Joint Probability Distribution and Correlation Analysis of Wind and Solar Power Forecast Errors in the Western Interconnection

Jie Zhang, Bri Mathias Hodge, Anthony Florita

Research output: Contribution to journalArticlepeer-review

20 Scopus Citations

Abstract

Wind and solar power generation differ from conventional power generation because of the variable and uncertain nature of their power output. This can have significant impacts on grid operations. Short-term forecasting of wind and solar power generation is uniquely helpful for planning the balance of supply and demand in the electric power system because it allows for a reduction in the uncertainty associated with their output. As a step toward assessing the simultaneous integration of large amounts of wind and solar power, this article investigates the spatial and temporal correlation between wind and solar power forecast errors. The forecast and actual data analyzed are obtained from one of the world's largest regional variable generation integration studies to date. Multiple spatial and temporal scales (day ahead, 4 h ahead, and 1 h ahead) of forecast errors for the Western Interconnection in the United States are analyzed. A joint probability distribution of wind and solar power forecast errors is estimated using kernel density estimation. The Pearson's correlation coefficient and mutual information between wind and solar power forecast errors are also evaluated. The results show that wind and solar power forecast errors are inversely correlated, and the correlation between wind and solar power forecast errors becomes stronger as the geographic size of the analyzed region increases. The absolute value of the correlation coefficient is generally less than 0.1 in the case of small geographic regions, while it is generally between 0.15 and 0.6 in the case of large geographic regions. The forecast errors are less correlated on the day-ahead timescale, which influences economic operations more than reliability, and more correlated on the 4-h-ahead timescale, where reliability is more impacted by the forecasts. It is also found that the correlation between wind and solar power forecast errors in summer (July) is relatively stronger than in winter (January). The inverse correlation implies that in systems with high penetrations of both wind and solar power, reserves that are held to accommodate the variability of wind or solar power can be at least partially shared. In addition, interesting results are found through time and seasonal variation analyses of wind and solar power forecast errors, and these insights may be uniquely useful to operators who maintain the reliability of the electric power system.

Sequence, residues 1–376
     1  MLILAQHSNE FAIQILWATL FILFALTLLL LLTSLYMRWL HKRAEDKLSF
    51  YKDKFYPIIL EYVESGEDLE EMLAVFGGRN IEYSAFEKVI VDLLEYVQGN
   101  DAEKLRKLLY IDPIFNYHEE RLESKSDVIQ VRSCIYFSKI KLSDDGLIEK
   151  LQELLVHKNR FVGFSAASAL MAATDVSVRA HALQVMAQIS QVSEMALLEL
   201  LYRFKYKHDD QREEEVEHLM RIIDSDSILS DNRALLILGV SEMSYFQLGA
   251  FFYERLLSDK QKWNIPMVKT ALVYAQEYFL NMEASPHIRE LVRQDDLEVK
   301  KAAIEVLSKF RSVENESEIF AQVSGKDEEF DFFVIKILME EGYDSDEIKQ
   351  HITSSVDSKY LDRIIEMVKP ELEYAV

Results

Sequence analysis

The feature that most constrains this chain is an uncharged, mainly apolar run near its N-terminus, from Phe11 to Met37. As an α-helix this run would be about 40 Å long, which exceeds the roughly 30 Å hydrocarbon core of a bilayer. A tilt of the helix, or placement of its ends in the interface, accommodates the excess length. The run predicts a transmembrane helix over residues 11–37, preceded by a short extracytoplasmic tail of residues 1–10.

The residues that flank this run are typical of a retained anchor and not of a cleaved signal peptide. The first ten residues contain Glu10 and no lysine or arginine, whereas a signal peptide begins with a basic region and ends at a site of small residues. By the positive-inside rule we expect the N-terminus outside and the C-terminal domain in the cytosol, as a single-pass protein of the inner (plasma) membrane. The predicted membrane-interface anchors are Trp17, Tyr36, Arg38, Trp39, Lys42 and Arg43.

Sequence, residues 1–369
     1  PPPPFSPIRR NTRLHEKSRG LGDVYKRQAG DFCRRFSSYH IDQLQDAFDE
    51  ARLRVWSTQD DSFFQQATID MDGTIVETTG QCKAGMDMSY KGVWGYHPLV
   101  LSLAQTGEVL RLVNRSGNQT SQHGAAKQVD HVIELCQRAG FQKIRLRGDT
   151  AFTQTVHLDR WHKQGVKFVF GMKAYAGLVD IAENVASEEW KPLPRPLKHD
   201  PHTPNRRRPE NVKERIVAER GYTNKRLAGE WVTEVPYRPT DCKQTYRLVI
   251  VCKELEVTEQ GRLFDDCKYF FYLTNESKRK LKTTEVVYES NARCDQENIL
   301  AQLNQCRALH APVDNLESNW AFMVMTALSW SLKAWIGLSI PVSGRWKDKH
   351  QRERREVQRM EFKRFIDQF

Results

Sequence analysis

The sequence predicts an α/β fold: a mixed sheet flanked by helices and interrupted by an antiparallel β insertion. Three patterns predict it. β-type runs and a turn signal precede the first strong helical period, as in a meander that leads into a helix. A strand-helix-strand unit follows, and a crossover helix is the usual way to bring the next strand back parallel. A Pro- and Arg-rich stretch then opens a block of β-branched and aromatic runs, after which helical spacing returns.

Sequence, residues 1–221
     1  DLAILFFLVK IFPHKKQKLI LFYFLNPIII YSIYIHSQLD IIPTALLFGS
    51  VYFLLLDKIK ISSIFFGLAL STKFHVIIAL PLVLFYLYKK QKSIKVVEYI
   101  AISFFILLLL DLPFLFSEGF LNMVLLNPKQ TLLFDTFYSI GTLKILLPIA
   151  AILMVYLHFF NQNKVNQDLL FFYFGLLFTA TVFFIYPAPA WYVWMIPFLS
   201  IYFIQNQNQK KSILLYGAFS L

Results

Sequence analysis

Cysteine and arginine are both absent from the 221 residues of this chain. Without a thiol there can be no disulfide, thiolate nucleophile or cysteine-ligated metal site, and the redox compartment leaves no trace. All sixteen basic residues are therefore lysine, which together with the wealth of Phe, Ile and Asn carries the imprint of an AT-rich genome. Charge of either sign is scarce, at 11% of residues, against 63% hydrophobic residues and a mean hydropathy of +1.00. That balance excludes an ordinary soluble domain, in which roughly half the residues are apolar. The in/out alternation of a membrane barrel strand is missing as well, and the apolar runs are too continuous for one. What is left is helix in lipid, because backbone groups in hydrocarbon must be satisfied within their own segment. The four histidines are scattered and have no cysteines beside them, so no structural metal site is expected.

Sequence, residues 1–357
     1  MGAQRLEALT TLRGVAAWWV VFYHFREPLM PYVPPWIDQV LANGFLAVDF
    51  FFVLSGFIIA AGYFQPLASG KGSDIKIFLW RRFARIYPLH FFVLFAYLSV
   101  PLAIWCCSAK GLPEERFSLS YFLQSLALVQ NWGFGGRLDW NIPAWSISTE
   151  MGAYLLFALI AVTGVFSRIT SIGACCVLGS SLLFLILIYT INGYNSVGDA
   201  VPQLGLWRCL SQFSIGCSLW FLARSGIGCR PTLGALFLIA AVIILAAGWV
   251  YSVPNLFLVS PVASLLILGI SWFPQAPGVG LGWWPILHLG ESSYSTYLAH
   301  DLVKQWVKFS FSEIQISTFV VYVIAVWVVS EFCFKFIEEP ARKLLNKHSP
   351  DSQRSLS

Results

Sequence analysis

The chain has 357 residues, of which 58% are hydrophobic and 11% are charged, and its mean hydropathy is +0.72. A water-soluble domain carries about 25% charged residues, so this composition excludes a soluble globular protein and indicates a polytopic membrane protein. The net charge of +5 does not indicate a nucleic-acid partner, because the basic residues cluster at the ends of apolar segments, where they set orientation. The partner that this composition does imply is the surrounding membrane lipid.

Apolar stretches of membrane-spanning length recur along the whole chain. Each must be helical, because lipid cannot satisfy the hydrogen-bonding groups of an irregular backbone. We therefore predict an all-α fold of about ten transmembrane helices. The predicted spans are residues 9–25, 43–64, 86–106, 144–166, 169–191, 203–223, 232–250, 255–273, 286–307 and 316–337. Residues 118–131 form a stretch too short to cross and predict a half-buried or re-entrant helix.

Original languageAmerican English
Article numberB4014008
JournalJournal of Energy Engineering
Volume141
Issue number1
DOIs
StatePublished - 2015

Bibliographical note

Publisher Copyright:
© 2014 American Society of Civil Engineers.

NREL Publication Number

  • NREL/JA-5D00-58507

Keywords

  • Smart grids
  • Solar forecasting
  • Spatial and temporal correlation
  • Uncertainty
  • Wind forecasting

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